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Dragons at Crumbling Castle by Terry Pratchett

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I bought this recently in my endeavour to own all the versions of The Carpet People Pratchett has ever written. The Carpet People was first published in 1971, it was Sir Terry Pratchett’s first ever book. The basis of the book had already been written in short story form and published in the paper called Bucks Free Press. He wrote these while he was a junior reporter, and they were published in the Children’s Corner.

Pratchett was putting The Carpet People short stories into a novel format behind the scenes. Fast forward to 1971 when Colin Smythe decided to publish the novel. Fast forward even further to 1991 when Pratchett’s current publisher decided that as they had been receiving lots of inquiries about the book that it might be time to republish. 43 year-old Terry Pratchett couldn’t resist messing with the book to make it better.

The stories in this book are quite good, some of them have a certain swashbuckling quality. There is a certain naivety to them showing they were written in a different time and by a much younger author. And also written by a much less published author. Terry Pratchett in 1991 has many more skills and wants to tell a different story to the Terry Pratchett in 1971.

But each story does show that Pratchett was already wanting to change the traditional story. I’ll take the first story for an example and there will be spoilers, but I won’t talk about any other story.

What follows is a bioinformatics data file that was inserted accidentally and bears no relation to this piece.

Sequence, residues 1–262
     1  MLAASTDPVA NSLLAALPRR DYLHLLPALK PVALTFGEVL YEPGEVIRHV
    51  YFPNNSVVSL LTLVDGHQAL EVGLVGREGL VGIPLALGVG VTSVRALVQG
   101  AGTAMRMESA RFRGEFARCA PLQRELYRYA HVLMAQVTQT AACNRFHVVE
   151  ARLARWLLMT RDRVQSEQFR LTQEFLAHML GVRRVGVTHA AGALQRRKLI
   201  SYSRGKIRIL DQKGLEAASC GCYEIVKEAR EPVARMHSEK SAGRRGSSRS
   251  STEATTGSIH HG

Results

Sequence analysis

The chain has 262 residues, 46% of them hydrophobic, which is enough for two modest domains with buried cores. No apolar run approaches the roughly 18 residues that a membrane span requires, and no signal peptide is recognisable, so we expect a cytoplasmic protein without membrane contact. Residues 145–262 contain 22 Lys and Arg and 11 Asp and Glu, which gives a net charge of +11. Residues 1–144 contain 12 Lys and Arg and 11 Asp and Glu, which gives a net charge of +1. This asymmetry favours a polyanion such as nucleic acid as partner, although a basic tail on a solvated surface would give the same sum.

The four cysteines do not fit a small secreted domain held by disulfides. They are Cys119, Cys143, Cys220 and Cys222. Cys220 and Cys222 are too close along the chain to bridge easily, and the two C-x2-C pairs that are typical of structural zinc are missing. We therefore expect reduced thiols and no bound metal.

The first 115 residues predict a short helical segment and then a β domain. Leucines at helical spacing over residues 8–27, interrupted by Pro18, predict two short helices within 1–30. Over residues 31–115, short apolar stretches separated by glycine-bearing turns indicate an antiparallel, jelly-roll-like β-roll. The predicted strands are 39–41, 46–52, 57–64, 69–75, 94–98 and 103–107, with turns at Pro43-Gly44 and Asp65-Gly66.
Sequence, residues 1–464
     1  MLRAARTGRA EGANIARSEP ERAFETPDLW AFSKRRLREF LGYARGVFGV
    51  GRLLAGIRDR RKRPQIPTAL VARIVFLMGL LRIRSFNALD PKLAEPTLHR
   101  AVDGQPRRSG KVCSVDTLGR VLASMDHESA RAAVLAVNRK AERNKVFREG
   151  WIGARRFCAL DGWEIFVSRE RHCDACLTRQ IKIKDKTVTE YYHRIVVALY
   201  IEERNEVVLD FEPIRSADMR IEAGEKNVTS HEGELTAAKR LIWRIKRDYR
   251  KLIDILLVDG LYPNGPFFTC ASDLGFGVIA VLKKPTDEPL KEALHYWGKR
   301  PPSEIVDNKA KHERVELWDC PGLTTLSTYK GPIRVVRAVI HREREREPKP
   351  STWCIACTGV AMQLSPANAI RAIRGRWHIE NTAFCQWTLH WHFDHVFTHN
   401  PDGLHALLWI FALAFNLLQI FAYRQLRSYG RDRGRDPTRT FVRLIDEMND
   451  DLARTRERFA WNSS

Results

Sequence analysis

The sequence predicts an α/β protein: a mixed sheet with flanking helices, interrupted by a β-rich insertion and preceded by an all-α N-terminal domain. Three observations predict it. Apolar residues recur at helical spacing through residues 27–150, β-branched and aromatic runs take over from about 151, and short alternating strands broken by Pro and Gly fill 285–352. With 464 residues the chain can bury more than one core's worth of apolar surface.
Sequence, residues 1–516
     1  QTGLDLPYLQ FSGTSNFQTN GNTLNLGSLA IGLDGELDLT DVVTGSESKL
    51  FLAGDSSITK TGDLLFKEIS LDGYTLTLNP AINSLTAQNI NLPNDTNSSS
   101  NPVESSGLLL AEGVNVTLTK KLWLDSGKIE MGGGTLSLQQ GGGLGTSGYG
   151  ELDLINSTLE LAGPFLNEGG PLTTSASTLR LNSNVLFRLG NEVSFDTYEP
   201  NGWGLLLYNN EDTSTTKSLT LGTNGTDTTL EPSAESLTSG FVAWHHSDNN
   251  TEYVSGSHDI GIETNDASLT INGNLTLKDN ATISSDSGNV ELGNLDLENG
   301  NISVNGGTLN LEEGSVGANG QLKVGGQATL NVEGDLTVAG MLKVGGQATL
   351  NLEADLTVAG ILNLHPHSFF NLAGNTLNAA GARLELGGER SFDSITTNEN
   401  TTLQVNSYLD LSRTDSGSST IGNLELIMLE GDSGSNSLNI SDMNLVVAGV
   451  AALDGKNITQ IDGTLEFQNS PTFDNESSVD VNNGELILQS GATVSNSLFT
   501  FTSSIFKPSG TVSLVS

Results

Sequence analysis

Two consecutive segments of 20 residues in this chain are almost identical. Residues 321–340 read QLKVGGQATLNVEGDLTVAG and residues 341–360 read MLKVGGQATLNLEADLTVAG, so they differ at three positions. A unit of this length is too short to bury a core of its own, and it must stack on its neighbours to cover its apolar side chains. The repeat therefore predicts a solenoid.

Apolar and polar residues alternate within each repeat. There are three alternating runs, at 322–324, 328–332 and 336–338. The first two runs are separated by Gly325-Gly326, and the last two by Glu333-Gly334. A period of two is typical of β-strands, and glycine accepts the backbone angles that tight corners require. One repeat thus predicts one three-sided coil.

The ‘Dragons at Crumbling Castle’ is set in King Arthur’s time. When it was normal for knights in shining armour to be sent to do deeds of derring do and whatnot. So the dragons had invaded Crumbling Castle and King Arthur sent Ralph to kill them with the words

‘Well then,’ said the king. ‘Ralph, how would you like to visit Crumbling Castle? Nice scenery, excellent food, only a few dragons to kill. Take my spare suit of armour – it’s a bit roomy, but quite thick…’

I ask you, would any other King Arthur story have the king speaking in this way?

In the next couple of pages Ralph ‘fights’ a battle with a knight and wins. Actually, the knight fell over and Ralph declared himself the winner as the knight fell over first. He then declared the knight’s name was ‘Fortnight, ‘cos I’ve fought you tonight.’ Nice little play on words there.

Anyway, he goes on to have a couple more adventures before getting to Crumbling Castle. At this point he finds that the dragons had invaded Crumbling Castle because the lord of the castle had built a dam downriver and the dragons’ caves had been flooded. Ralph suggests the lord of the castle build some caves out of bricks for the dragons. All is then peaceful and there is no fighting or killing of dragons.

I ask you, would any self-respecting fantasy author write a story where the knights don’t get to fight the dragons? Oh, hang on, this is Terry Pratchett, it’s exactly the sort of thing he did throughout his writing career. It seems he started doing this rather early. You can see this in many of the other stories in this book and also in the Discworld series. It seems to be what he specialised in, taking a story and looking at it in a totally different way.

The introduction to this book does suggest that the adult Terry Pratchett did very little editing of his stories to be able to have them publishable in an anthology. I’d love to know if this is true or if he’d edited rather heavily. It’s just a little challenging to find the stories online. Unlike Australia, Britain doesn’t have a resource such as Trove where you can read these stories. I have found someone who tried doing this just with these stories. I’ve even downloaded some of them, I just haven’t read them through to see.

Here is a link in case I’ve persuaded you to buy this book.

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